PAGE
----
online. today the u.s. economy accounts for 23% of the world's economy and india is 7. in 2030, according to the oecd predictions, china will be 29% of the world economy, the u.s. will be 18 and india will be 11. and those are, i think, really worthwhile numbers to keep in our mind as we talk about u.s. competitiveness in the world economy, because we're entering this entirely new era where the u.s. is going to be a big player in the world economy but no longer the preeminent, the very largest one, and i think that brings real challenges and requires a whole new way of thinking. so my opening remarks, steve was introduced, i think quite rightly, as a guy who i hope is getting cases of champagne and bouquets of flowers from the white house. because on certain readings you could say, you know, he's the guy who got the president reelected. that means, i believe, he has great insight into what obama's second term economic policy will be -- [laughter] and the big question on the agenda which i think certainly already tremendous bearing on u.s., on the u.s. domestic economy and, therefore, u.s.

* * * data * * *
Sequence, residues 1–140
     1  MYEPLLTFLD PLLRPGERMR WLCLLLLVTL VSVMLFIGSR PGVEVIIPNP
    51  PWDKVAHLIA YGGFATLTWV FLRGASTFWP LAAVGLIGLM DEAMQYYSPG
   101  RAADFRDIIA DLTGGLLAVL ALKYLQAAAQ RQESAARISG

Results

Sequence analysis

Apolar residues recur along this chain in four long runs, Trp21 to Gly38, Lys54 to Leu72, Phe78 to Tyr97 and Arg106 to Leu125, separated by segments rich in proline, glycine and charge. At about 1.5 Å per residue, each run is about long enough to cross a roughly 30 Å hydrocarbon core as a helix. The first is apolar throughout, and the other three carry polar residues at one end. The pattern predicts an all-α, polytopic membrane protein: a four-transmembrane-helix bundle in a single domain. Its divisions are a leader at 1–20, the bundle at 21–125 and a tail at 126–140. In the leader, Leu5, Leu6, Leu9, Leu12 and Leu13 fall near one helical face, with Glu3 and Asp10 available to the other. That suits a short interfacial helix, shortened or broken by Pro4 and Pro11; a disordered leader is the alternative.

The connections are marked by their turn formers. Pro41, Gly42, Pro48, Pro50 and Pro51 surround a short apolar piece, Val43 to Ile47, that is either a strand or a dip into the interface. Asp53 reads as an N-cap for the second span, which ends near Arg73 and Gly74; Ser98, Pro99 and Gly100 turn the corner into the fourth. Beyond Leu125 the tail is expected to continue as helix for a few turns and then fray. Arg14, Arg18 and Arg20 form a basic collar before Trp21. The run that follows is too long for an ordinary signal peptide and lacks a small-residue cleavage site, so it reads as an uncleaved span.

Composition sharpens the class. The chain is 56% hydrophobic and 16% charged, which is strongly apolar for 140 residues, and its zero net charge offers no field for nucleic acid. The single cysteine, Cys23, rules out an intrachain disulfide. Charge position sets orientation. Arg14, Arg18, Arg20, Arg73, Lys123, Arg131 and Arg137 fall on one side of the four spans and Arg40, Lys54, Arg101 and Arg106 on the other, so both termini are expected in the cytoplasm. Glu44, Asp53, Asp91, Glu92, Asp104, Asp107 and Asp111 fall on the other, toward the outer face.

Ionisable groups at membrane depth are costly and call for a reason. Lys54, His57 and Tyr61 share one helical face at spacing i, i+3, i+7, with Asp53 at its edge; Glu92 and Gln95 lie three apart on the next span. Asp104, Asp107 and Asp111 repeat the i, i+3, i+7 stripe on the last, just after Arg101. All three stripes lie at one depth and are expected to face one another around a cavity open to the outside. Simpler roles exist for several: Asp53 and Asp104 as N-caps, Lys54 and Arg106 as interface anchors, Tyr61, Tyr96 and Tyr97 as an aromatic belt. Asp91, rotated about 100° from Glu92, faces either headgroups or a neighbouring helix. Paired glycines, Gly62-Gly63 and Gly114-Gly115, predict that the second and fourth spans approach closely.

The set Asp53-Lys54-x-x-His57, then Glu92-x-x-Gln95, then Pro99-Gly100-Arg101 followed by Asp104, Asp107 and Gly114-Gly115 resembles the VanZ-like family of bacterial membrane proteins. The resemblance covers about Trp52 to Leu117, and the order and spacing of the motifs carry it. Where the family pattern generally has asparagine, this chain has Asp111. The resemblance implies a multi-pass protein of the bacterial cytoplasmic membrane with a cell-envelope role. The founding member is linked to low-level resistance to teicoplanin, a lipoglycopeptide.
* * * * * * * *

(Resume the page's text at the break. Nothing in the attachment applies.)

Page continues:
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of an impact on sort of the distribution of goods as we see. there are bypasses being done through india, through japan, through china and also russia. but i do think ultimately the economy is faltering internally because of the government is able to buy as you reported and broke the story through reuters a couple weeks ago here they were getting one to $3 billion of gold into iran helping them bolster their cash. but on the other hand, goods they're buying are still not keeping up. they have 30% reduction in oil imports or exports rather. they're really suffering on things bringing inand out of the count. meliss how are they doing that? >> they're doing it through, number one, bringing in bullion from turkey and dubai. that brings in cash they need without having to deal in rials. india, japan and china purchasing 50%. their oil shipped through iranian ships orer flagships that e masking the fact that that oil is going to those countries. turkey has the pass through the sanctions of 180 delays they're still dealing with ir. russia, some defense systems they were using in the defense dri